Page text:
10980 17 Street, Edmonton
The Strathcona Science Park sits across the river from Rundle Park and overlooks the river valley: it makes up the eastern end of Edmonton’s River Valley Trail System.
The park is on land that was at various time a gravel pit, a private landfill and coal mining area (there were 12 mines within the park boundary). The land was reclaimed as part of Premiere Lougheed’s Capital City Recreation Plan in the 1970s.
The pod-shaped buildings showed Edmonton’s natural resource history including coal mining and how oil was removed from the tar sands. Hydro and wind power alternatives were also shown. The site examined how energy and resource development affects the environment.
However, perhaps the most significant displays were the artefacts that came out of the archaeological dig on the site. There are over 1000 dig sites in Edmonton of varying importance. Some are very small and indicate temporary campsites. Others, like the site at the Science Park are much larger.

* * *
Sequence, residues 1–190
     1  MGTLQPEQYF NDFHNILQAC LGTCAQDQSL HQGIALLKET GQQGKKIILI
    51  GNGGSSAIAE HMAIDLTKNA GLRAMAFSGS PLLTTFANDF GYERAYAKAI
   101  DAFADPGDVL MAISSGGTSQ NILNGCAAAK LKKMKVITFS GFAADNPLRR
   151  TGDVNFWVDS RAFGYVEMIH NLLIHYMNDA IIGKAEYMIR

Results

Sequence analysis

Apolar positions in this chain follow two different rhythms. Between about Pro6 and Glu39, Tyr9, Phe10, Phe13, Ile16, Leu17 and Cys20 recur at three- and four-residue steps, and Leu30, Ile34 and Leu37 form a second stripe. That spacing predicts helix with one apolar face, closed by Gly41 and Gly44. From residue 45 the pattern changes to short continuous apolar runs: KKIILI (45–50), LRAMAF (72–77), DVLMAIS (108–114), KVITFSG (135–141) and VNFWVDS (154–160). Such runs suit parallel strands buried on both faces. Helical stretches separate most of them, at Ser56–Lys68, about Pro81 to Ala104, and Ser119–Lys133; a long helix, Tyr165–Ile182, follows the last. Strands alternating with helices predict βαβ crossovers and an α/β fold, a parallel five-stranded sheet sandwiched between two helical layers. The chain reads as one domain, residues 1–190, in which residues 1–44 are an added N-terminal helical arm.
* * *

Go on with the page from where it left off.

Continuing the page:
The Science Park is Edmonton’s largest archaeological site. The University of Calgary and the Archaeological Society of Alberta supervised the project. They found approximately 25,000 pieces including decorated pottery, bones, and quartzite that was used to make spears and arrowheads. The depth of the dig indicates that Indigenous people had been camping in the area for approximately 4500 years.
The site has many assets such as easy to access to the river system. In addition, it would have been easy to see buffalo from the bluff that raises above the prairie landscape. However, the heavy presence of stone shards and petrified wood indicate that it was also a place to make tools out of the stone that can be pulled out of the riverbank by hand.
While the park was open, a boardwalk allowed visitors to watch archaeologists work. However, the park was closed in 1988 and the dig site soon fell into disrepair. Today, there is little to indicate that this was once an important seasonal campsite. The thousands of pieces that show Edmonton’s pre-settlement past are hidden away in the Royal Alberta Museum’s vaults.
Barbara Huck, In Search of Ancient Alberta (1998)
"Archaeological Society of Alberta: Connecting Albertans with Archaeology." Alberta Historic Places' RETROactive Blog.